This weekend, as over two billion of your followers prepare to celebrate your birthday,
I find myself attempting to manage a myriad of emotions.
I love this time of year. The twinkling lights, festive traditions and familiar music bring out the child in me.
I'm reminded of simpler times with grandparents and cousins and a sense that all was well with the world.
But this Christmas season, it's not just my inner child that cannot be contained.
My married daughter is in the ninth month of her pregnancy.
Within a few weeks my wife and I will become first-time grandparents.
Jesus, as I look at my adult child, I can't help but picture your precious mother on the threshold of giving birth.
Her face, like my daughter's, must have glowed with the radiant beauty unique to expectant moms.
I can hardly wait to hold that little one.
Still, this Christmas finds me perplexed with the problems of the world into which my grandchild will be born.
The spirit of giving has been replaced by a spirit of taking.
Countless individuals are taking to Facebook to demean those who disagree with their political perspective.
Too often Facebook "friends" are often anything but.
The season surrounding your birthday has often been called "the most wonderful time of the year."
But this year it's less than wonderful.
Although we sing about a joyful world filled with silent nights
and recite verses that speak of "peace on earth goodwill to men," we know better.
In the country in which I live, political division and racial prejudice dominate the daily headlines.
And that's not all. Homelessness is on the rise both at home and abroad.
So are the growing number of refugees seeking a safe place to raise their children.
Add to that the terrorists and delusional dictators who hold our hope for peace hostage.
Yes, the thirst for power and the appetite for domination resemble the Roman Empire into which you were born.
Jesus, you certainly must relate to the world in which I live.
Contrary to the lyrics of that popular carol, I'm guessing you didn't really sleep in heavenly peace
as your mother struggled to comfort you in that cold and wet barn smelling of cow dung.
How could you not identify with the homeless population in my city
where makeshift shelters dominate the underpasses of the interstate?
You understand only too well the fear and hate associated with terrorism and political exile.
Shortly after you were born, a blood-thirsty tyrant blindsided young parents in Bethlehem murdering their helpless children.
Your parents fled with you from a terrorist plot as they sought asylum in Egypt.
They had no idea where they were going or what awaited them when they got there.
No wonder you identify with the plight of refugees around the world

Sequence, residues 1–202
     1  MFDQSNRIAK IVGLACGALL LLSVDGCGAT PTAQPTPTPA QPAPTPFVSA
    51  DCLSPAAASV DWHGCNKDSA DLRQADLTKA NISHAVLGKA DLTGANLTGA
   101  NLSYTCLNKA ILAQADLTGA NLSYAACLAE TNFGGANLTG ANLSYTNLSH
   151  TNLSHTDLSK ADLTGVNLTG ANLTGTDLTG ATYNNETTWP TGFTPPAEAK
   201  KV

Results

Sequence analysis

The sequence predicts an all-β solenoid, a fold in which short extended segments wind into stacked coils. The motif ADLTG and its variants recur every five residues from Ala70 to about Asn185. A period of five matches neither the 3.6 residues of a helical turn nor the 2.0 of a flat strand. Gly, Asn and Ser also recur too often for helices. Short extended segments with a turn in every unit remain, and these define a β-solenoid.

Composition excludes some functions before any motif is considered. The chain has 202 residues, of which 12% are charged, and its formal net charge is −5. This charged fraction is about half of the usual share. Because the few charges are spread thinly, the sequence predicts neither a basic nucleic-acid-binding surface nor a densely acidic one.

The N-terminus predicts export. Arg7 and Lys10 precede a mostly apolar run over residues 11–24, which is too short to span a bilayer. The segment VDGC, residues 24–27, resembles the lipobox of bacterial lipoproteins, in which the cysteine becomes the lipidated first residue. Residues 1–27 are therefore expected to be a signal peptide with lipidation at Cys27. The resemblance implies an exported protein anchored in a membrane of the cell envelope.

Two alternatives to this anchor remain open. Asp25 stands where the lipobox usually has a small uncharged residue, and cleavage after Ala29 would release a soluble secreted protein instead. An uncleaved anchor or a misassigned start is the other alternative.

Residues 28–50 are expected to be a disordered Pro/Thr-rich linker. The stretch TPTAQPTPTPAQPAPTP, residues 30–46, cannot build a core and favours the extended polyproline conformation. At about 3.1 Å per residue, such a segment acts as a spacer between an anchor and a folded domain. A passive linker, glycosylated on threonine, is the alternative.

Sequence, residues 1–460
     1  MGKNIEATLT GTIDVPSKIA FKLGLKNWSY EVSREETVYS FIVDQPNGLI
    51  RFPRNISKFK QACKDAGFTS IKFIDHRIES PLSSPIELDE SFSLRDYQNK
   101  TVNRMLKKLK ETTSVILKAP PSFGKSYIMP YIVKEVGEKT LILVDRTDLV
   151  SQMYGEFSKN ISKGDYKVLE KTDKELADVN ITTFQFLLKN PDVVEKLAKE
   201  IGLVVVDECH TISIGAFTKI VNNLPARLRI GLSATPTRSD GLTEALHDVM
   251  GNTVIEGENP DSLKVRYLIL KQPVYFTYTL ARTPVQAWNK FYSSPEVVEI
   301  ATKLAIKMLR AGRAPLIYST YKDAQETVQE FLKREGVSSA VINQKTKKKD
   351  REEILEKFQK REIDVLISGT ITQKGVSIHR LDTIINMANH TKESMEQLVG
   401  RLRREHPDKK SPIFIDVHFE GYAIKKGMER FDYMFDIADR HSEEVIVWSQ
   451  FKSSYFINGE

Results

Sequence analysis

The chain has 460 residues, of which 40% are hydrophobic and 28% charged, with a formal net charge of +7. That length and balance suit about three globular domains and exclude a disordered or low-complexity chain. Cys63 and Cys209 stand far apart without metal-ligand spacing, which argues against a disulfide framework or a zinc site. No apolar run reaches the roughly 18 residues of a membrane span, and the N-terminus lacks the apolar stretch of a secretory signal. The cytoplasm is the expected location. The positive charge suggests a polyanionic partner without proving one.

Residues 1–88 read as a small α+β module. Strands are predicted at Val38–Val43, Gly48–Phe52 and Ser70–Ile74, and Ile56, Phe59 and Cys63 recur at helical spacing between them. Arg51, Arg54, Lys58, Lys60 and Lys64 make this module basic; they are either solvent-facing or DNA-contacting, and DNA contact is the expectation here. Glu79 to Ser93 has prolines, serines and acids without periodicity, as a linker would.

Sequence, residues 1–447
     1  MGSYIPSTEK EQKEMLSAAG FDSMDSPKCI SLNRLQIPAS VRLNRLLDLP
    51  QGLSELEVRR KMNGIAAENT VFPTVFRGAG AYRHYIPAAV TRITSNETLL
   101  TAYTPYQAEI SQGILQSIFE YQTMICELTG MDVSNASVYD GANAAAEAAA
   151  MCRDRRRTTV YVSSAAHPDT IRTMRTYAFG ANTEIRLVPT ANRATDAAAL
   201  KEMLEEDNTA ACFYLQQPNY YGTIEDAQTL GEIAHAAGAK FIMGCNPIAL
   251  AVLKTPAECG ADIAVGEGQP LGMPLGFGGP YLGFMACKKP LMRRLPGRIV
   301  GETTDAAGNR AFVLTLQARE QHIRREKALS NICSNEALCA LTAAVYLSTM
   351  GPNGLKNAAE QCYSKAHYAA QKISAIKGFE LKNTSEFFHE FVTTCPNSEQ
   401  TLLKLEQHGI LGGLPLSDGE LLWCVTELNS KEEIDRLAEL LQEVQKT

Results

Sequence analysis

who have left their home countries in search of a life free from war and prejudice.
Being homeless and fleeing from terrorism, it's no wonder you have a heart for the dispossessed and the marginalized among us. Having been welcomed by strangers in a strange land,
your experience inspires us to be willing to do the same.
Pondering the world of fear and hate into which my grandchild will soon be born,
the child within me begins to kick and scream in protest.
I refuse to believe that we can't do better as travel companions on spaceship Earth.
After all, the place where I first came across your birth announcement
clued me into the fact that every man, woman and child has been created in the image of our Creator.
There is something in us worthy of redemption.
Come to think of it, Jesus, isn't that why you were born in the first place?
An Honest Christian
|PO BOOKS BY GREG ASIMAKOUPOULOS
Sunday Rhymes & Reasons
Published June 4, 2009
Sunday Rhymes and Reasons is a compilation of inspirational poetry by America's pastor/poet laureate, Greg Asimakoupoulos. In this, his third volume of poetry, Pastor Greg paints word pictures that portray both the struggle and fulfillment that define a life of faith. His repertoire of rhymes celebrate rite-of-passage occasions like birth, baptism, marriage and death as well as the major holidays of the church and culture. It is a volume that illustrates the poet's love of words and of popular culture. The author dips his brush into a paint box of hubris, humor and honesty.
"Gloria and I have been encouraged by word pictures from Greg's pen that have celebrated both our ministry and God's presence in our world." – Bill Gaither, Gospel music composer/performer
"Gifted poet Greg Asimakoupoulos is a dear friend of our family. His poetry blesses, comforts, entertains, and provides inspiration for every season of life." – Natalie Grant, singer/songwriter/recording artist
Teachings of a Three Year Old... Turned Tyke,
by Hal Evan Caplan.
A father learns from the wisdom of his toddler.
A House Divided
The state of our union is not what we're told
by Greg Asimakoupoulos, 2/7/20
Remembering Kobe Bryant
A prayerful reflection
by Greg Asimakoupoulos, 2/1/20
A Royal Waste
Why Prince Harry's decision seems over-the-top
by Greg Asimakoupoulos, 1/24/20
Oh, the Places You'll Go
How Dr. Seuss might paraphrase Philippians 4
by Greg Asimakoupoulos, 1/17/20
Is this the End?
What are we to make of the headlines?
by Greg Asimakoupoulos, 1/10/20
Focusing on goals for the new year
by Greg Asimakoupoulos, 1/3/20
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